An EBP Literature Review requires a systematic search of all existing sources of knowledge on your topic.
You will be expected to search in multiple library databases and resources. Save time by selecting library database collections from the full list of EBSCO or GALE databases to search simultaneously. Consider the subjects or academic disciplines related to your topic and choose library collections accordingly.
Most databases contain basic information and abstracts for all journal listings, even if our library does not have access to the full-text. For this program, we do not advise that you limit your search to only what the Spalding University Library has in full-text. Instead, take advantage of our Interlibrary Loan and Metroversity programs to access required materials.
In library databases such as CINAHL and Medline, the advanced search options and limiters allow you to narrow your search with various criteria. This can help you identify different levels of evidence according to the source type.
Efficient Search Strings
Keyword searching is the first step to finding relevant articles on your topic. However, in order to conduct a more comprehensive and efficient search, there are several methods you can use to broaden and narrow your search.
Limit to Peer-Reviewed, Academic Journals
For this class your evidence should be from scholarly, peer-reviewed journals. In most databases, you can limit your results by "Scholarly (Peer-Reviewed) Journals" or "Academic Journals."
Advanced Search Options
Every database and collection is different, but the advanced search options are usually tailored to the discipline. For EBP Nursing, there may be options to search specifically for Evidence Based Practice, Randomized Controlled Trials, and other standard publication types.
In the advanced search feature in CINAHL, You can limit to research articles, meta-synthesis, Randomized Control Trials, geographic regions, age groups, and many relevant publication types for this assignment.
Each database and collection will have different pre-set advanced option features. Pay special attention to these sections to find relevant and useful tools in targeting your search.
Use Subject Headings
If you are looking for a standard method or tool, you can usually target your search by using the phrase as a subject heading. In the advanced search:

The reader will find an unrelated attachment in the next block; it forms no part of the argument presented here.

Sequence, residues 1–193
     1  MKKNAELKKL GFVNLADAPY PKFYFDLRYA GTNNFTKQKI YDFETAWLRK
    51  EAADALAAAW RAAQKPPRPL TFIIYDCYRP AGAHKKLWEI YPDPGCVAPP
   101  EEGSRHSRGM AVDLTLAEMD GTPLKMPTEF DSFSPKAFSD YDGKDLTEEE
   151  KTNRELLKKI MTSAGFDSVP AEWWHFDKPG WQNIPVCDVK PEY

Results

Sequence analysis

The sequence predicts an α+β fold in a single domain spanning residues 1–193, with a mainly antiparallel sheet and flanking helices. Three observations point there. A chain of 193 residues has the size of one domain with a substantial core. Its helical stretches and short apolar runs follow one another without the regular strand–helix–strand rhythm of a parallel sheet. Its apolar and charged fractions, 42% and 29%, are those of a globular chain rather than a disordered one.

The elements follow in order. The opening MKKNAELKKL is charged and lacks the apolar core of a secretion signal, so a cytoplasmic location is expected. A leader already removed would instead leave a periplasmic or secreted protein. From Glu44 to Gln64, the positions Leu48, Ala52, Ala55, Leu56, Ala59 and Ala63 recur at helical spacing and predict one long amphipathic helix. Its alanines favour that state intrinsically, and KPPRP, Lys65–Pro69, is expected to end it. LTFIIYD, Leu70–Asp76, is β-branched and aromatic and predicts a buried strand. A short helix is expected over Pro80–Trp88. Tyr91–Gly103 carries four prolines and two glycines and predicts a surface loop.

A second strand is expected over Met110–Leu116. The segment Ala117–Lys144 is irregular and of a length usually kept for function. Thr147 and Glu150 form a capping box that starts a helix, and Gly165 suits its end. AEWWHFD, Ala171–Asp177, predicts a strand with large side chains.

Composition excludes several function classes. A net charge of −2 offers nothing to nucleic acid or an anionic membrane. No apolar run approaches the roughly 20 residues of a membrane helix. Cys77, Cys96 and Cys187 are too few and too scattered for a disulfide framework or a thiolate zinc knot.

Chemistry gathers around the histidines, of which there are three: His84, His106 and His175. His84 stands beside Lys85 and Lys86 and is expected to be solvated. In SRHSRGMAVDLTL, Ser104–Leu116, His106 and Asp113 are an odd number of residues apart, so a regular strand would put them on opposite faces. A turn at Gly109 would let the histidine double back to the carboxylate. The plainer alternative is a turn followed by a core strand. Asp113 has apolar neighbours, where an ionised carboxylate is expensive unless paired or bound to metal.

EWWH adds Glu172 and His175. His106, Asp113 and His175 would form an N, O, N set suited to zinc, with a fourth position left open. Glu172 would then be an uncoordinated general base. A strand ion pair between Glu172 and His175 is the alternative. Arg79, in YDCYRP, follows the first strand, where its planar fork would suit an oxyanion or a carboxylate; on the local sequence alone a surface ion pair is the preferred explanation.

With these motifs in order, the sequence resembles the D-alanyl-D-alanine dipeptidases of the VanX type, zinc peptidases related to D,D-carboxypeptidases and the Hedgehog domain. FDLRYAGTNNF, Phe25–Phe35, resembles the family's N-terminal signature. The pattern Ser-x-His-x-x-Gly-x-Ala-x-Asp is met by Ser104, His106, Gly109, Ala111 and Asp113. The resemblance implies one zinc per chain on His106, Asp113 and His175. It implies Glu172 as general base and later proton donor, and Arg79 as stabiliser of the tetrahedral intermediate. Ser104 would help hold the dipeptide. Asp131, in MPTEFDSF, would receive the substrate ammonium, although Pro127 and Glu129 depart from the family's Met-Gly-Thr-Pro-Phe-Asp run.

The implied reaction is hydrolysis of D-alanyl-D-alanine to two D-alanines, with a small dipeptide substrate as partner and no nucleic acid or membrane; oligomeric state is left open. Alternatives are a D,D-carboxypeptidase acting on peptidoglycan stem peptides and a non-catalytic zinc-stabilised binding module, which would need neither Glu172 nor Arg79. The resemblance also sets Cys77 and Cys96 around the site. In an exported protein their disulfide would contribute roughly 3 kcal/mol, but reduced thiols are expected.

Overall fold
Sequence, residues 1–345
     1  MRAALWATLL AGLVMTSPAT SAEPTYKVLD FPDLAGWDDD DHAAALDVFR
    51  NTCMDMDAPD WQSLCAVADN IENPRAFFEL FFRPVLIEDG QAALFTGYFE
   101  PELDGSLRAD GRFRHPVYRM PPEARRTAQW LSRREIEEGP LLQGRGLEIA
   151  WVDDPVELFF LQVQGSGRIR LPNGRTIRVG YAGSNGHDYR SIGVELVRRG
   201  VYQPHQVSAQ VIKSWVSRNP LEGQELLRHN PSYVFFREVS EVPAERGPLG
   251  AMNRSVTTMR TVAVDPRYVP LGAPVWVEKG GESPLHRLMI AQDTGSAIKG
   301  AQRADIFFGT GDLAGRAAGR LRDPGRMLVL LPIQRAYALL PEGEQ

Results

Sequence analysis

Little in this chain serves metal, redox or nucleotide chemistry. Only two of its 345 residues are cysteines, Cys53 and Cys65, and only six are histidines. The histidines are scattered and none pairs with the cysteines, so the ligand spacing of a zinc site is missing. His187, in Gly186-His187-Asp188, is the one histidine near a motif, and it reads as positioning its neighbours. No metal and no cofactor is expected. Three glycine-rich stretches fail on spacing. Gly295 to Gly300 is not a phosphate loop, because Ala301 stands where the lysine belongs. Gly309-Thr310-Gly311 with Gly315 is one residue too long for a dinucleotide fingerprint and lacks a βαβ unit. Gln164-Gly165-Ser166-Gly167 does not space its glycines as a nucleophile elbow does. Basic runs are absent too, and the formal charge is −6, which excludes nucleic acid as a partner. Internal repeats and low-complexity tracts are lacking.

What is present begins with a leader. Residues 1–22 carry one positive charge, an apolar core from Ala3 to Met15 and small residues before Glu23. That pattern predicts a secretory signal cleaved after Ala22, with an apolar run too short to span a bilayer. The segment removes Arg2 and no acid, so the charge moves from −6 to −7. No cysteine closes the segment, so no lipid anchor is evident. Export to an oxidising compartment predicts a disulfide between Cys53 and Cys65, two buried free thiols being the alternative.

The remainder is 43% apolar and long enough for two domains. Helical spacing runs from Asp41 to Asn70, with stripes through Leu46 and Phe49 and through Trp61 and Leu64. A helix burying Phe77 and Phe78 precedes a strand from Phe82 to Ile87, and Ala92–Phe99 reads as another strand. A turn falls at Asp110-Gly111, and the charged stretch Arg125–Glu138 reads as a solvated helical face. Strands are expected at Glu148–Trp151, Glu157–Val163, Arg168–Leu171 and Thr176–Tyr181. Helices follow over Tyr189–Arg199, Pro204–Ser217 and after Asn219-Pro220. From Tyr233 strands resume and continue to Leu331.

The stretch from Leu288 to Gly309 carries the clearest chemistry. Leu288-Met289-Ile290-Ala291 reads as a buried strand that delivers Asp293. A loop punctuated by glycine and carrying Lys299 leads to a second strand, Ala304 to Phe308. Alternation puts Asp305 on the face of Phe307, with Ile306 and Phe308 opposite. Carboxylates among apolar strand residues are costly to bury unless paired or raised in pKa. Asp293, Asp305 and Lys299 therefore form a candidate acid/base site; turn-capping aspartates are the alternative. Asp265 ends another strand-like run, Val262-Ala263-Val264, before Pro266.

CINAHL & Medline Medical Subject Headings (MeSH) are controlled vocabularies or thesauri that include a comprehensive list of terms used in the profession. Articles are assignment subject headings by the author or publisher based on content, allowing you to conduct a systematic search of all articles including those terms, instead of relying on keywords alone.
If you are searching in an EBSCO database collection such as CINAHL, Medline, or both, look for a tab at the top for "CINAHL Subject Headings" or "Subjects." This separate search function will allow you to search for subject headings by keyword.
1. A result list of subject headings with related terms is displayed. Check the box for a subject heading to view available subheadings.
2. Check boxes of desired subheadings to add them to your search.
Terms are added to the Search Term Builder box on the right.
3. Click Browse Additional Terms to add more headings to your search
- OR -
Click Search Database to execute the search.
Using Explode and Major Concept
When you Explode a term, you create a search query that “explodes” the subject heading. The headings are exploded to retrieve all references indexed to that term as well as all references indexed to any narrower subject terms.
In a database with a tree, such as MeSH or CINAHL Headings, exploding retrieves all documents containing any of the subject terms below the term you selected. In other databases, exploding retrieves all documents containing the selected term, as well as any of its first level of narrower terms. If a plus sign (+) appears next to a narrower or related term, there are narrower terms below it.
When you select Major Concept for a term, you create a search query that finds only records for which the subject heading is a major point of the article. Searches are limited with specific qualifiers (subheadings) to improve the precision of the search, and limited to major subject headings indicate the main concept of an article.
Combining Explode and Major Concept
If you select both Explode and Major Concept, you retrieve all references indexed to your term (and its narrower terms) and all articles for which the subject heading is a major point of the article.